• Academy Lauds Bills Aimed at Curbing Teen Smoking, Vaping

    Legislation Would Raise Tobacco Sale Age, Strengthen Regulations

    June 05, 2019 03:05 pm News Staff – The AAFP is voicing support for recently introduced legislation that could tamp down youth tobacco and nicotine use -- a health crisis the FDA and the U.S. Surgeon General have called an "epidemic." 

    The Tobacco to 21 bills in the House and Senate would raise the minimum legal age of sale for tobacco products from 18 to 21. Such a move is consistent with "the AAFP's longstanding efforts to promote a tobacco-free society," the Academy said in a May 29 letter(1 page PDF) to the bills' sponsors, Sen. Brian Schatz, D-Hawaii; Sen. Todd Young, R-Ind.; Rep. Diana DeGette, D-Colo.; and Rep. Chris Stewart, R-Utah. It was signed by Board Chair Michael Munger, M.D., of Overland Park, Kan.

    "Sixteen million people live with a smoking-related disease and the U.S. spends $170 billion in annual health care costs associated with smoking," the letter noted. It went on to say that it is imperative to reduce tobacco use among youth, given the risks that are associated with tobacco use.

    "Most adult tobacco use begins in adolescence and often leads to addiction," the letter pointed out.

    Vape teenager. Young pretty white girl smoking an electronic cigarette opposite modern brown background on the street in the winter.

    That use now often begins with noncombustible products, which also would be subject to the legislation's age restriction. Data from the 2018 National Youth Tobacco Survey show that e-cigarette use among high school students increased by 1.5 million students between 2017 and 2018.

    The AAFP also recently signed letters in support of other possible legislative remedies to U.S. teen smoking. Collectively, the bills represent the first major federal stand against tobacco and nicotine use since the Family Smoking Prevention and Tobacco Control Act of 2009.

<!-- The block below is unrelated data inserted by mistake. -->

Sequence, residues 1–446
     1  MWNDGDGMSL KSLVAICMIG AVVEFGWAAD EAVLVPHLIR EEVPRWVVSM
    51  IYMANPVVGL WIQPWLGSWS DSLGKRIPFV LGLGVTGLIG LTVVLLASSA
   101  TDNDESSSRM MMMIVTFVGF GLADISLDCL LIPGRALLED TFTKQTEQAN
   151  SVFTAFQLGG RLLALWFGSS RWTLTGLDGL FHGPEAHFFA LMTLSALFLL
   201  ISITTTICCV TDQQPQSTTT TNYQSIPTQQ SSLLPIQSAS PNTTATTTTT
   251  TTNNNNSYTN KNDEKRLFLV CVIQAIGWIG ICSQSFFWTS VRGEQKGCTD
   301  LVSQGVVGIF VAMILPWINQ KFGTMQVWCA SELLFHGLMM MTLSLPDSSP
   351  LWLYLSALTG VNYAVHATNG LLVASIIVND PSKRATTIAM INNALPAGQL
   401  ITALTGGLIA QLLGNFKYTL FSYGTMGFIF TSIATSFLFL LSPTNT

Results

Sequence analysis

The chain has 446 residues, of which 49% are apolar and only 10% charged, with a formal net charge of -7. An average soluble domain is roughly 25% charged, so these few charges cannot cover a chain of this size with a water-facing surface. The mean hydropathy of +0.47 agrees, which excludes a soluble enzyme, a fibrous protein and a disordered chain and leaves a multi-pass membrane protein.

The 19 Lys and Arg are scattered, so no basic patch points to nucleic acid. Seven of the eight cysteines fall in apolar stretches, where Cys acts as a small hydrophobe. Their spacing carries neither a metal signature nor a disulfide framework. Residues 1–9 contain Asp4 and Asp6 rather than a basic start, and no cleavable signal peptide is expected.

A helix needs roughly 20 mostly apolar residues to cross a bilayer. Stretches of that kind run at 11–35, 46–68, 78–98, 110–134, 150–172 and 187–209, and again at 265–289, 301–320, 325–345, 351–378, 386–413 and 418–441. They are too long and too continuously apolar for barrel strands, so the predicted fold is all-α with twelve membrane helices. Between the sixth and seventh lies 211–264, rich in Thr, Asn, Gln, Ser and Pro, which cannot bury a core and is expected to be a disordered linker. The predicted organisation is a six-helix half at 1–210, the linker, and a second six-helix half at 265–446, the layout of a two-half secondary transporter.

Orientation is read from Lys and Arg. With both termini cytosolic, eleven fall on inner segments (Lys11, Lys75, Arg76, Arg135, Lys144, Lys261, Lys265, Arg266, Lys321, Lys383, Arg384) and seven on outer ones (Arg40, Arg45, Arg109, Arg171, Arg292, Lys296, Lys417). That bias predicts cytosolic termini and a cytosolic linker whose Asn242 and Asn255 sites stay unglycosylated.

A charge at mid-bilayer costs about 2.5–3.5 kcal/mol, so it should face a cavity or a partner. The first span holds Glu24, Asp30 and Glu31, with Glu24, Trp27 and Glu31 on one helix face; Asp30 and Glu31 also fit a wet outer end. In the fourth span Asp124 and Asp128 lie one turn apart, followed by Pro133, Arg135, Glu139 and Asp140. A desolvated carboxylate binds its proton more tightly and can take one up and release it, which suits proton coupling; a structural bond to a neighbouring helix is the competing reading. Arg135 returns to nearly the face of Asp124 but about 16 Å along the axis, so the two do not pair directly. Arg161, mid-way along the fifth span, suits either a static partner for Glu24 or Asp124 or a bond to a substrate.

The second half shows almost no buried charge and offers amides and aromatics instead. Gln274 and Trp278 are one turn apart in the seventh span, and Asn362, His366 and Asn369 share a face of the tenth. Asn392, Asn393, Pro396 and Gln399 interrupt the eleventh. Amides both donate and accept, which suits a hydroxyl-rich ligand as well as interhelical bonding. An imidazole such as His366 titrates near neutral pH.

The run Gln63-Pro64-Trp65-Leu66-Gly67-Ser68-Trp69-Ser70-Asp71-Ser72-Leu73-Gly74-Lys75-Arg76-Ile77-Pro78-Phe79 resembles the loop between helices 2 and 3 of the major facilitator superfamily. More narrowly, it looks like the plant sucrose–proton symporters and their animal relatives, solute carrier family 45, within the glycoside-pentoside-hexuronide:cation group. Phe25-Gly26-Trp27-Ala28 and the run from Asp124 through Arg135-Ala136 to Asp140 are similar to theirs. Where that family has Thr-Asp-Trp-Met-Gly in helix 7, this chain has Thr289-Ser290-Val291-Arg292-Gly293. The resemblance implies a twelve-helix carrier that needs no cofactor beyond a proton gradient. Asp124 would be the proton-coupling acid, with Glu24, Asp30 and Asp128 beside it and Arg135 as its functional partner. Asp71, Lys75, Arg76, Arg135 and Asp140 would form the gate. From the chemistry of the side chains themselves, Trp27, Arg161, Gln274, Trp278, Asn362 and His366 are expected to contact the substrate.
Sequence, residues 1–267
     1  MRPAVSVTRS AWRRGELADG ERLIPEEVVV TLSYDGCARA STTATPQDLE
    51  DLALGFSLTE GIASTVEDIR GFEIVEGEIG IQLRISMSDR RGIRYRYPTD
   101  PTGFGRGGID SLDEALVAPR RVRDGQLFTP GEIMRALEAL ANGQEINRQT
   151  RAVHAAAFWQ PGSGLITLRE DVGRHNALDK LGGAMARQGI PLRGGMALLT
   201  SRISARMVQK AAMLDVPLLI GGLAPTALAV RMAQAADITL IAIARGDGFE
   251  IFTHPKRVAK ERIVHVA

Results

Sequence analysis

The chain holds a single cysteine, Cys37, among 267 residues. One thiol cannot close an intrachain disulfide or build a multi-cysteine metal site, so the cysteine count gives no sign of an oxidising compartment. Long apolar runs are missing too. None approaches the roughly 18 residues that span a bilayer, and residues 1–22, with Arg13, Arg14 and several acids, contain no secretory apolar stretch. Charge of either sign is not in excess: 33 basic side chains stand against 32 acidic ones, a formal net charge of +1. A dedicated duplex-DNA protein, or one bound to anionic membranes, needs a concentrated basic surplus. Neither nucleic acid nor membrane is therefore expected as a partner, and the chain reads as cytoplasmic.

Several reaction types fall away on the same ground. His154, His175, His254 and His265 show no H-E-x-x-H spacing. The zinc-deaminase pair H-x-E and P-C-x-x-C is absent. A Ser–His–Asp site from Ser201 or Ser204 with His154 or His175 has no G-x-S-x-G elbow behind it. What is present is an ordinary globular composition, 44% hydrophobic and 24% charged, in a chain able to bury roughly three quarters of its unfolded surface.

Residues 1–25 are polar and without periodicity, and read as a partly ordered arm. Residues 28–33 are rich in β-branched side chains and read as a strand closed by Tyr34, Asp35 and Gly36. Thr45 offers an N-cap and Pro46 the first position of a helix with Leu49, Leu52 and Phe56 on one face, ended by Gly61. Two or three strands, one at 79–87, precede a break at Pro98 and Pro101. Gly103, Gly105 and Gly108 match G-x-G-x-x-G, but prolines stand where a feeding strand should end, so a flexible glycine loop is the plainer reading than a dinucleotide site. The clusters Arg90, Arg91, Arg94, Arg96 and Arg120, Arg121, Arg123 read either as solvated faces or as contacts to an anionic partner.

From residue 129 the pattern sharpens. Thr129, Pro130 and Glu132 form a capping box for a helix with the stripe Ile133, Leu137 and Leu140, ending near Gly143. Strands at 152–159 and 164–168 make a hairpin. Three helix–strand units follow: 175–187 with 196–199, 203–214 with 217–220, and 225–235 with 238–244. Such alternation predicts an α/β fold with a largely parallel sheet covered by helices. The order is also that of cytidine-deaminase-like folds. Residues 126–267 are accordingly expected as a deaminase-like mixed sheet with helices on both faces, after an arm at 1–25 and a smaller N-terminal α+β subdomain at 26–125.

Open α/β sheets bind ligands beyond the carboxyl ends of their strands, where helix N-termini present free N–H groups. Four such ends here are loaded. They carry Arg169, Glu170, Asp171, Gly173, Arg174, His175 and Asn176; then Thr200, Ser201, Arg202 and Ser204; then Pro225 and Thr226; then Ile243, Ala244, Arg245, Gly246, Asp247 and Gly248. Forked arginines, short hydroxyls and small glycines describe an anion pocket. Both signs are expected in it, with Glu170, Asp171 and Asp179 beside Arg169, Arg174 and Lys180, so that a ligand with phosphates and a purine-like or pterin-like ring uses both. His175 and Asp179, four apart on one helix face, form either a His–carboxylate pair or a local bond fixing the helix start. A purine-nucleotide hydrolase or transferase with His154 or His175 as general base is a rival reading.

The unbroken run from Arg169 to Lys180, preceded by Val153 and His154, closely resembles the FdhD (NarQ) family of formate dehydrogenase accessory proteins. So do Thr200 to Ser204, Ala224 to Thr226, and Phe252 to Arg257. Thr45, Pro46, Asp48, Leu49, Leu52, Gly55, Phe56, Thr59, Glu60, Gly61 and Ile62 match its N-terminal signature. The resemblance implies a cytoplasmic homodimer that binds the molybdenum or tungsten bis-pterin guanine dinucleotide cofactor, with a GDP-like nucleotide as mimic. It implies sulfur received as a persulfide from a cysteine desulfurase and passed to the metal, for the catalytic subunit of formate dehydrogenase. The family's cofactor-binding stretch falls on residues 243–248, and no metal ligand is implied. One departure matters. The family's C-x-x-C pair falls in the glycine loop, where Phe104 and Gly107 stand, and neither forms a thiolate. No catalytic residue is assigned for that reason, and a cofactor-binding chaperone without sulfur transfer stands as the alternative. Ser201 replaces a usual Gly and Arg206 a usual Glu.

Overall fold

The Reversing the Youth Tobacco Epidemic Act, which would restrict flavored products and also raise the sale age, "takes important steps to reduce the number of young people that initiate smoking," the Academy said in an April 19 letter(1 page PDF) to the bill's sponsors, Reps. Frank Pallone, D-N.J., and Donna Shalala, D-Fla.

    "We are pleased that the bill will strengthen the FDA's ability to require graphic warning labels, prohibit online tobacco product sales, ban the sale of most flavored products and limit electronic cigarette marketing to adolescents," the letter added. "The AAFP is particularly pleased with the bill's tobacco purchase limits for those aged 21 and younger."

    And the Tobacco-Free Youth Act, introduced last month by Senate Majority Leader Mitch McConnell, R-Ky., and Sen. Tim Kaine, D-Va., adds to its own sale-age stipulation a measure to increase anti-smoking funding for the CDC. The Academy was among nine health and medical organizations that signed a May 21 letter(2 page PDF) praising that legislation.

    "We recognize this as one among several important federal policy changes needed to address the public health crisis of tobacco use in the United States, including prohibiting the manufacture and sale of all flavored tobacco products; restricting online sale of all tobacco products, particularly to underage purchasers; and increasing funding of the prevention and cessation activities of the CDC Office on Smoking and Health," said the letter. Cosigners included the American Academy of Pediatrics, the American College of Cardiology and the American Lung Association.

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